• on all, automatically triggering a declaration of war by the entire alliance on the aggressor.

  • Without the US's homeland and overseas forces stationed outside of Europe though, NATO would

  • be unable to prosecute a war against Russia, as Europe's militaries are simply too weak

  • to stand up to Russia in anything but a defensive war.

  • To make matters worse, some countries, such as Canada and Germany, are experiencing serious

  • logistical issues which leaves large parts of their forces combat ineffective.

  • In 2019 the German Air Force was incapable of sustaining the type of air operations needed

  • in a conflict against Russia due to a lack of equipment and maintenance issues with its

  • planes, with Canada suffering a similar issue and a fighter shortage that left it unable

  • to fulfill its commitments to North American aerospace defense.

  • Still, with Russian forces elsewhere, NATO could pose serious problems for Russia, and

  • thus Russia would need to retain a significant bulwark to deter against NATO aggression on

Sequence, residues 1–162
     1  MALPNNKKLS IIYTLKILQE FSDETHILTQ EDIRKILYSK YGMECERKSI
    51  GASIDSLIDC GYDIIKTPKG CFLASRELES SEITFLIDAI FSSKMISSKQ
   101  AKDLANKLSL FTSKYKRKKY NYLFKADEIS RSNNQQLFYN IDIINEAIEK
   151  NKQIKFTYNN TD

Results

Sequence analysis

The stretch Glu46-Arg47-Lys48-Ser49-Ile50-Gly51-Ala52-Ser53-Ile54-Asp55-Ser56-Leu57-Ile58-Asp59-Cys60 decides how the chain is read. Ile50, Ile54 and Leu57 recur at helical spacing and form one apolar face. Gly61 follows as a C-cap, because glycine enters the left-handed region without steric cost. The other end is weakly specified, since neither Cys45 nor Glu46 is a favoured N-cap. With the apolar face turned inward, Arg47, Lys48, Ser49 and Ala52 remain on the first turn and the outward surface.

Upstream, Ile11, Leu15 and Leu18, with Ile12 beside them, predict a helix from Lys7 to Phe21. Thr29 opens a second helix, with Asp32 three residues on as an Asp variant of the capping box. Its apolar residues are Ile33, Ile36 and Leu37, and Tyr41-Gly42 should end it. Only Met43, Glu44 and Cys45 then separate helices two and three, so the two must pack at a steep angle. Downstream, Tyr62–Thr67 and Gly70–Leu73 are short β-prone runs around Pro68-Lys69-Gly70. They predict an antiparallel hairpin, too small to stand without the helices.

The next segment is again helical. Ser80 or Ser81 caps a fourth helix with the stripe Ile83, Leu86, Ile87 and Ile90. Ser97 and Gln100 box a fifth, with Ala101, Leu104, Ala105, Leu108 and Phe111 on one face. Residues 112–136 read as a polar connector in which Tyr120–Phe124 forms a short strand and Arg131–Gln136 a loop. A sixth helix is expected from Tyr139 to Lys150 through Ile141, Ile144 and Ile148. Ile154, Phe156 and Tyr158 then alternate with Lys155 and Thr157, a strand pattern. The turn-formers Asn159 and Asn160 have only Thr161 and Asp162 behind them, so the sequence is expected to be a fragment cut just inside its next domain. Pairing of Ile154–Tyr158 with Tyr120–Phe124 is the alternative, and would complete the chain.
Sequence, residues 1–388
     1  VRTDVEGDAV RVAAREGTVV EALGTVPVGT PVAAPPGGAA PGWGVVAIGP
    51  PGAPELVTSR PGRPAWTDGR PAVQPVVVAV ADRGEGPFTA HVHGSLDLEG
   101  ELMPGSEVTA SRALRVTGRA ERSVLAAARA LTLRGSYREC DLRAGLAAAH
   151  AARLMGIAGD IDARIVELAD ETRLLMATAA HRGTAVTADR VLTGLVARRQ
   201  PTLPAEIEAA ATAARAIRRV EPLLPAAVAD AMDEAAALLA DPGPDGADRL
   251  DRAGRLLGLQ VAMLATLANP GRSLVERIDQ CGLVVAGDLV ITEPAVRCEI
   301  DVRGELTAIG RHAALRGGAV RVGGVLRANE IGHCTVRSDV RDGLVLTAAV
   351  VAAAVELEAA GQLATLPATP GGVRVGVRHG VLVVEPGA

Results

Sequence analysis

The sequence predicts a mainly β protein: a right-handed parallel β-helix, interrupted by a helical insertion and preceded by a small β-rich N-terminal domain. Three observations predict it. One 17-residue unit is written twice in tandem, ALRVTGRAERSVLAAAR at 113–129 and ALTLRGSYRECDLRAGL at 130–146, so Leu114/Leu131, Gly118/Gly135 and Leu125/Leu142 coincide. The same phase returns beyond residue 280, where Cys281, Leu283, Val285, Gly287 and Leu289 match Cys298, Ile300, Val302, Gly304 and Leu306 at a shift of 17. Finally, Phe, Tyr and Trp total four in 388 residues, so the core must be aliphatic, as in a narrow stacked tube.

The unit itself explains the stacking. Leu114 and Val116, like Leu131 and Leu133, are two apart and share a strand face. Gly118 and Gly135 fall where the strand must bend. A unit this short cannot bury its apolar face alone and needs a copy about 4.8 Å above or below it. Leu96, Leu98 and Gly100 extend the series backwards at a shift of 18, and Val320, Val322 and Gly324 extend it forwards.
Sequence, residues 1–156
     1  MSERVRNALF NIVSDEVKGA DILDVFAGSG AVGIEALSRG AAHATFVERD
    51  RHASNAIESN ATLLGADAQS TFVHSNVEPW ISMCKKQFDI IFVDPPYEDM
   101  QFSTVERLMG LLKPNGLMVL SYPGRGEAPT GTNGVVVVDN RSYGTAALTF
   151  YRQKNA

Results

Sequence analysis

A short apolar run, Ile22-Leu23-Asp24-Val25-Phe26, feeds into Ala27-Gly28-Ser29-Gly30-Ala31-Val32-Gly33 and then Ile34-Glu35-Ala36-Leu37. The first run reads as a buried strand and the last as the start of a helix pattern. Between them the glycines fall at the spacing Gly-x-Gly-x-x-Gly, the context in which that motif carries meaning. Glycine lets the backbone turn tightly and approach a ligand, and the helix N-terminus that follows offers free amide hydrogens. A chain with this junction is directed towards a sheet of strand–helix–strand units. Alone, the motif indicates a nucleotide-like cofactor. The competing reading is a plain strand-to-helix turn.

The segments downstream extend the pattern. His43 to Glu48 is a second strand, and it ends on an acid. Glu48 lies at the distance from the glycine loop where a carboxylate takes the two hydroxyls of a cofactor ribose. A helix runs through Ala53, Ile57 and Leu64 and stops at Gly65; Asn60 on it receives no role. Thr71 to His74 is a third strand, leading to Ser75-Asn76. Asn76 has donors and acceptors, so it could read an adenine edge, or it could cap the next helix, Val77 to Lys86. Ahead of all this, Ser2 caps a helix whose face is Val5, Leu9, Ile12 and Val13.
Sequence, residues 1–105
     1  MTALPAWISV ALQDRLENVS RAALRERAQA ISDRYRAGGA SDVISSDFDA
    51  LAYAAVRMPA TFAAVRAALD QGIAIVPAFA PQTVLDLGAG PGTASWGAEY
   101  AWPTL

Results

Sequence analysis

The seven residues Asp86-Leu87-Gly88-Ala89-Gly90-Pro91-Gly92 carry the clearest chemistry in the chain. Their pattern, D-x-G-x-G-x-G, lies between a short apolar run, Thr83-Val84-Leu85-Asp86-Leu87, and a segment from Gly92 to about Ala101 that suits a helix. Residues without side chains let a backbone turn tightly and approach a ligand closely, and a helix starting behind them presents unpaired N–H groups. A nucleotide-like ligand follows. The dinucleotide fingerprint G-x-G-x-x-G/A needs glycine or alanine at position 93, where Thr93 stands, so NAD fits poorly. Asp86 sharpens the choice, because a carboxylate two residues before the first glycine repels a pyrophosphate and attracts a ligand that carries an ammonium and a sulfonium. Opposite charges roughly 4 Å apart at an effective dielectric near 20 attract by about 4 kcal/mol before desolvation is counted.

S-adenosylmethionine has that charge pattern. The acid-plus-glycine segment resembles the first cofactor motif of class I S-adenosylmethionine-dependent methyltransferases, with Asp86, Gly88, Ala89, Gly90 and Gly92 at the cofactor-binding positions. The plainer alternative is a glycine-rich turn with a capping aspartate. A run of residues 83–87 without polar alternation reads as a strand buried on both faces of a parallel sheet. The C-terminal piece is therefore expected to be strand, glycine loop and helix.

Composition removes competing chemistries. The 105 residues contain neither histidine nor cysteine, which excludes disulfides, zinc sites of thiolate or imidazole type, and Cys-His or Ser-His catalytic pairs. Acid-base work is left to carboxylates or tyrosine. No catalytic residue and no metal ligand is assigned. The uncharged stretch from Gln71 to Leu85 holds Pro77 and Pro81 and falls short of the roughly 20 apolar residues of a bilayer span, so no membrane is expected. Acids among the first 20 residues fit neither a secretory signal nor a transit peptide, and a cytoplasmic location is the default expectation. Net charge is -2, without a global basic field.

• its eastern front.

  • North Korea also has strategic concerns that would leave it unable to fully commit its

  • forces to a fight against the US, as despite being the 25th most powerful military in the

  • world, it faces South Korea directly across the DMZ which is currently ranked as the world's

  • sixth most powerful military.

  • The United States perhaps though has a worse strategic picture than either of these two

  • nations, as its military forces are deployed around the world in a variety of strategic

  • hotspots, and very often its these military forces that ensure regional peace and stability.

  • Its large commitment in the Middle East ensures that conflict does not arise between historical

  • rivals such as Iran and Saudi Arabia, which would have devastating consequences for the

  • global economy.

  • Iran's strategic goals in a potential conflict against Saudi Arabia or the US is to shut

  • down the Persian Gulf oil trade, which thanks to the geography of the Gulf of Oman it could

  • easily do by threatening oil tankers with long range stand-off weapons that the US or

  • any of its allies could do little about.

  • Iranian special forces could even scuttle a tanker in the Suez Canal, yet another military

  • objective of Iran in case of war, which would choke off one of the world's most important

  • trade arteries for weeks, possibly months.

  • In the South Pacific, US forces help maintain the balance between China and its neighbors,

  • with China being a particularly bad actor in the region and bullying or outright stealing

  • territory and resources from nations like the Philippines, Vietnam, and others.